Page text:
The HTC Snap harbours an exclusive email inbox for special contacts. But will this affordable messenger be joining your clique?
After the touchphone Holy Trinity of the Touch Diamond 2, the Touch Pro 2 and the Android powered Hero, HTC’s latest smartphone, the Snap, might seem something of an anti-climax. But this affordable mobile messenger has a special email function to grab the attention.
Going head-to-head with the BlackBerry 8900 Curve and Nokia E63, this Windows Mobile-powered smartie standouts out from its peers with an ‘Inner Circle’ feature that filters specific email messages into a dedicated inbox.
The email in-crowd
Admittedly, this feature is hardly going to raise the gadget blood pressure to dangerous levels but it’s actually proves pretty handy, especially for accessing important work emails quickly or keeping your work and play life separate.
And setting up your own in crowd inbox couldn’t be simpler: just select the lucky contacts in your phonebook or via the emails they’ve already sent. A dedicated green coloured key on the QWERTY gives instant access.
Sadly, apart from this streamlined email functionality, the HTC Snap remains nothing more than your average-looking BlackBerry-esque work drone. Its slimline chassis is certainly well made with a tactile soft paint finish but lacks the cool design chops of the 8900 and E63.
No place like HTC Home
Unfortunately, the Snap doesn’t have the luxury of a TouchFLO skin to replace the standard Windows Mobile interface, so you’re faced with the maze of sub menus and endless lists. Still, HTC has at least tried to tart up the homescreen options to improve usability.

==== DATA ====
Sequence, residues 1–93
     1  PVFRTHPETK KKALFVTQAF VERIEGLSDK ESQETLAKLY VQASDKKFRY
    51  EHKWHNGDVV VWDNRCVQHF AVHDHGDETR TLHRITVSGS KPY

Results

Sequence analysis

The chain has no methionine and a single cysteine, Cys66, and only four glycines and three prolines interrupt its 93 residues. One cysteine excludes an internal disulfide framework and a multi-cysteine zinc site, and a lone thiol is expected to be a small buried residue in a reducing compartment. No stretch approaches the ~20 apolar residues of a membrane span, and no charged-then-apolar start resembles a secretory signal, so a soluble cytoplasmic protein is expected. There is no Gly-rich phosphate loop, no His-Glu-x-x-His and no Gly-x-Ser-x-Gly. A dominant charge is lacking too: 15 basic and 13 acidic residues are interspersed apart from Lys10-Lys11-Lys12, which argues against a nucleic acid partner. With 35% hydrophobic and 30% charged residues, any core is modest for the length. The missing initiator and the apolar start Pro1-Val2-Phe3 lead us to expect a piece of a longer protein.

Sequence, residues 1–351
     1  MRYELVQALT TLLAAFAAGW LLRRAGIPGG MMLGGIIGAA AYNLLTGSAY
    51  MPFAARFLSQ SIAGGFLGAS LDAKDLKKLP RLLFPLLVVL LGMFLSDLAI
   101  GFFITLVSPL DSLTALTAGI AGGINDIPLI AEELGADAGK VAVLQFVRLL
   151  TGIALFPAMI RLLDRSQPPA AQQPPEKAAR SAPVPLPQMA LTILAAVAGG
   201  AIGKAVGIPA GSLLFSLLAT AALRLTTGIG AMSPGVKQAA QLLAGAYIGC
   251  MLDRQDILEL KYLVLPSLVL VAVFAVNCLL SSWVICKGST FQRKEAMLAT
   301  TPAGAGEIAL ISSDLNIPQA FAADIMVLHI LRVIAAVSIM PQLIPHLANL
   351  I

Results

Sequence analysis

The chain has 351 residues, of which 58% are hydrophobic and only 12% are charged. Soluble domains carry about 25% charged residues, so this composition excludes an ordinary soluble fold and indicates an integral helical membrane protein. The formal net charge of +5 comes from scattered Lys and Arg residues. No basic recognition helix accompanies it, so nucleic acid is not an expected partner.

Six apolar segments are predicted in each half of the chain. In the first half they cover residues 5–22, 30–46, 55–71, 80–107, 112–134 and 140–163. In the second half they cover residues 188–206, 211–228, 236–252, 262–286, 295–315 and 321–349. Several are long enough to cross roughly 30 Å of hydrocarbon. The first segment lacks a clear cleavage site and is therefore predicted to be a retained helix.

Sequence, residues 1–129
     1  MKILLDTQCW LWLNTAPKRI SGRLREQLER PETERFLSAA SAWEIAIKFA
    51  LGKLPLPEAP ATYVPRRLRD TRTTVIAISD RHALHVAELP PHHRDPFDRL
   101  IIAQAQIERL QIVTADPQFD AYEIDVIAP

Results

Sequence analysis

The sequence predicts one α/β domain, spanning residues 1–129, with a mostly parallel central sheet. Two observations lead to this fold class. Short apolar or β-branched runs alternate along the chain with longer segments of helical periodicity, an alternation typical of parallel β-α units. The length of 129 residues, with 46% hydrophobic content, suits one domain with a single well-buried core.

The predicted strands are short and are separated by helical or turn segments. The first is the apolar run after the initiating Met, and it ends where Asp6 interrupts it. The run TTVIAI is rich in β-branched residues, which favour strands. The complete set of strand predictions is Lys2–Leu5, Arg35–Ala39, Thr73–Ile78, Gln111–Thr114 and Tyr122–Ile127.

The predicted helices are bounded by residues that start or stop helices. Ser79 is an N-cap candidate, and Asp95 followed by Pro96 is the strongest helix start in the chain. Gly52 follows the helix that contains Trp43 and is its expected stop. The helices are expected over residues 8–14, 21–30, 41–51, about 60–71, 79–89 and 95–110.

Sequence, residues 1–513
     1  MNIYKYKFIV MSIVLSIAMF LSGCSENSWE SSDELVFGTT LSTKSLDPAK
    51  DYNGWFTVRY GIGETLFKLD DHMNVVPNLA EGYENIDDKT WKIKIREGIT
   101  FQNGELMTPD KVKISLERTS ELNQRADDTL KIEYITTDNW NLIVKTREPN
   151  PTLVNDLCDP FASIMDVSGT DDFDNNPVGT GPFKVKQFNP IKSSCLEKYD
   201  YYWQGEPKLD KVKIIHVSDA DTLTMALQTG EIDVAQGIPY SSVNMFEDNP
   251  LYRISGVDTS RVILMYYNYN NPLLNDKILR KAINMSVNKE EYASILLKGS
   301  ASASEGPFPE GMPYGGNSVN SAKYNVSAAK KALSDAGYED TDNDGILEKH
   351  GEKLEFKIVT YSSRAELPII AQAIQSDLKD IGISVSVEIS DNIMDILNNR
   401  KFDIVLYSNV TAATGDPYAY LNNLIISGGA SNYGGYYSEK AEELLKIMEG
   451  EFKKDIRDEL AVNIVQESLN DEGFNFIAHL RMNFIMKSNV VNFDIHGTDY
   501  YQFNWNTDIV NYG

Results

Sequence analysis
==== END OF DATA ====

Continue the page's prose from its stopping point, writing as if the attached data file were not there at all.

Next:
Chose the HTC ‘Home’ arrangement and you’re greeted with nine sliding panels that lets you access content without having to, thankfully, delve into the main menu.
The email zone allows you to flick through the headers of unread emails while the web panel gives access to your bookmarks. It’s certainly more inventive than the traditional Windows layout.
Setting up personal email accounts is just an address and password away while support for the Microsoft Exchange means you can get an IT Manager to hook you up to your office set up. And with a full on QWERTY keyboard typing out long missives is a breeze.
The QWERTY is definitely the best thing about the Snap. Not only is it spacious, but the extra large domed keys are sweet to thumb. There’s also room onboard for dedicated buttons for Windows Live Messenger, message inbox, activating the silent profile and locking up the phone.
With built-in Wi-Fi and support for HSDPA, web browsing is, on paper anyway, pretty swift.
However, the clunky Internet Explorer browser slows down proceedings and you’ll find yourself downloading the more efficient and quicker Opera Mini before too long. Using the TrackBall for scrolling through full fat pages is also a bit laboured, although you can change its sensitivity to improve speed.
Despite having a choice of two music players – HTC’s Audio Manager and the Standard Windows Media Player – the audio set up is very uninspiring.
Both options lack any kind of audio boosters or equalisers and with no integrated 3.5mm headphone jack, a la Nokia E63 and the BlackBerry 8900 Curve, or bundled adapter, the players sound anaemic through the supplied earphones.
The 2MP snapper is also similarly bereft of any exciting features. You get to tinker with the brightness, white balance and metering modes but with no flash or autofocus your photos are destined as wallpaper and sending MMS.
Firing up the camera is also a moot point. With no dedicated shutter key, you have to access the snapper via the multimedia menu or by pressing a shift then key option on the QWERTY.
The HTC Snap is certainly a competent budget messenger but its closest challengers do the whole mobile email and multimedia shebang with greater flair.
Unless you’re a die-hard fan of the Windows Mobile platform, the more compelling BlackBerry 8900 Curve and Nokia E63 are superior all-round options.